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Kyrsten Sinema to meet with William Barr — but her office will not say why

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Sen. Kyrsten Sinema of Arizona was among the three Democratic senators who voted for the confirmation of Attorney General William Barr earlier this year, and Arizona Central is reporting that Sinema is planning to meet one-on-one with the U.S. attorney general sometime this week — although a spokesperson for her office did not specify what day the meeting will take place or what they will  be discussing.

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The 42-year-old Arizona senator and Tucson native, who narrowly defeated Republican Martha McSally in 2018, has been among the most centrist Democrats in the U.S. Senate — sometimes inspiring comparisons to Sen. Joe Manchin of West Virginia. According to FiveThirtyEight, Sinema was voting in line with President Donald Trump 58% of the time in March. Rep. Alexandria Ocasio-Cortez (D-NY), in contrast, voted with Trump only 13.6% of the time that month, FiveThirtyEight reported.

Nonetheless, Sinema is taking issue with Trump’s assertion of executive privilege with House Democrats, who have requested an unredacted copy of special counsel Robert Mueller’s final report for the Russia investigation. Trump has vowed to defy all subpoenas from investigative committees in the House of Representatives, which now has a Democratic majority.

In an official written statement earlier this month, Sinema said, “the president’s assertion of executive privilege — with the attorney general’s support — undermines what should be our shared goal of protecting America from foreign influence and meddling in our elections.”

Sinema previously met with Barr one-on-one in February prior to his Senate confirmation vote. When Sinema announced that she planned to vote for Barr, she officially stated, “I will evaluate every presidential nominee based on whether he or she is professionally qualified, believes in the mission of his or her agency, and can be trusted to faithfully execute and uphold the law as it exists. After meeting with Mr. Barr and thoughtfully considering his nomination, I believe Mr. Barr meets this criteria.”

Sinema now occupies the Arizona Senate seat previously held by former Republican Sen. Jeff Flake, who decided not to seek reelection in 2018. When she was sworn in as a U.S. senator in January, Sinema took over a seat that had been in Republican hands for decades.

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Sinema and her former 2018 rival, McSally, who also voted for Barr’s confirmation, are both serving in the Senate in 2019. After losing to Sinema, McSally was appointed to a different U.S. Senate seat: the one once held by the late Sen. John McCain, who Sinema praised during her 2018 victory speech after McSally conceded.

According to Arizona Central’s Yvonne Wingett Sanchez, it is “unclear if Sinema or her office will talk publicly about the details of the meeting” with Barr after it takes place sometime this week.

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Trump is trying Middle East Peace plan 2.0 after the first one flopped

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President Donald Trump is scheduled to submit his second Middle East peace plan after the first one senior son-in-law Jared Kushner came up with didn't go over very well.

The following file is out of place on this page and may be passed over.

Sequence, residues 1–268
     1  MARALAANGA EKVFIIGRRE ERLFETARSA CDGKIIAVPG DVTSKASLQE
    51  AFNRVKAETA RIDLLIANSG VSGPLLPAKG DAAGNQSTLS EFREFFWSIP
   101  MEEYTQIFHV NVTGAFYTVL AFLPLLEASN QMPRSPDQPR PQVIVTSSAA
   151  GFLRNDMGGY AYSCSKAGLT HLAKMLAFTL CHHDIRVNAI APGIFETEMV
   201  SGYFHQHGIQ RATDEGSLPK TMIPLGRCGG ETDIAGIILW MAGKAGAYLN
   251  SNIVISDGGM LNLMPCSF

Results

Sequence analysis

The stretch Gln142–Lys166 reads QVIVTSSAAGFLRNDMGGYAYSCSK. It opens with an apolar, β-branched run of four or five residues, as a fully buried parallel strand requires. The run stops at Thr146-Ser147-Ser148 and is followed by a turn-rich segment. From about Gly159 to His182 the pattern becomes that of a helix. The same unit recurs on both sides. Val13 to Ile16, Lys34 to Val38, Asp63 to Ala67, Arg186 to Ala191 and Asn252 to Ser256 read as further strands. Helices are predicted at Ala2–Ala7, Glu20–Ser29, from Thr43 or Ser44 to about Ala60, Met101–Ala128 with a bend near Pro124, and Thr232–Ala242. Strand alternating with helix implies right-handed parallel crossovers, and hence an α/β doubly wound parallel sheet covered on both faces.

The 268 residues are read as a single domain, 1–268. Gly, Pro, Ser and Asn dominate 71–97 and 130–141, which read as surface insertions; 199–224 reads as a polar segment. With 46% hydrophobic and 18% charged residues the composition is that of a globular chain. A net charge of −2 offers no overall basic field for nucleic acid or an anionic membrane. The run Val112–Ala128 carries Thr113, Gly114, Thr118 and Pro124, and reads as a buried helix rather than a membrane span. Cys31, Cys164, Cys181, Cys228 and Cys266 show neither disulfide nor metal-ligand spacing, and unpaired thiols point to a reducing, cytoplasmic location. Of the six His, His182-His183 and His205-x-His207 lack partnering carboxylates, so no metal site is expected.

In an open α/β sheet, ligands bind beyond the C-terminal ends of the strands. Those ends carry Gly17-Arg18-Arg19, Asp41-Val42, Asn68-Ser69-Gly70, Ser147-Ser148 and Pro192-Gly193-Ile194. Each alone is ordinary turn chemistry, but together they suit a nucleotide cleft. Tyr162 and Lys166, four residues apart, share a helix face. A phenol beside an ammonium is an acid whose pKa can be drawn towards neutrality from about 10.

"We will get this done," Trump claimed in May 2017.

“We'll start a process which hopefully will lead to peace,” Trump said. “Over the course of my lifetime, I've always heard that perhaps the toughest deal to make is the deal between the Israelis and the Palestinians. Let's see if we can prove them wrong, okay?”

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Rage-filled Trump has crippled his presidency because he can’t let go of a grudge no matter how small: report

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According to a report in Politico, many of Donald Trump's problems are the direct result of his inability to get over the smallest of slights leading him to make poor decisions because he can't see his way to let go of a grudge.

The report notes, "Whether in the privacy of his clubs or out on the campaign trail, the president can’t help but hold onto a grudge. Even as Trump heads into an election year with a record that he claims ranks him among the best presidents of all time, political grievances continue to drive everything from policy decisions to rally speeches to some of the biggest scandals of his presidency — including his impeachment."

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George Conway reveals Trump is being shunned by law firms because young lawyers ‘want nothing to do with him’

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Conservative attorney George Conway asserted in a column over the weekend that President Donald Trump's history of mistreating law firms is catching up with him.

In a Sunday op-ed for The Washington Post, Conway explains that Trump is now faced with sparse choices for legal representation in his impeachment trial after years of not paying attorneys and generally being a bad client.

Pointing to Trump's choice of Alan Dershowitz and Kenneth Starr, Conway writes:

?The president has consistently encountered difficulty in hiring good lawyers to defend him. In 2017, after Robert S. Mueller III became special counsel, Trump couldn’t find a high-end law firm that would take him as a client. His reputation for nonpayment preceded him: One major Manhattan firm I know had once been forced to eat bills for millions in bond work it once did for Trump. No doubt other members of the legal community knew of other examples.

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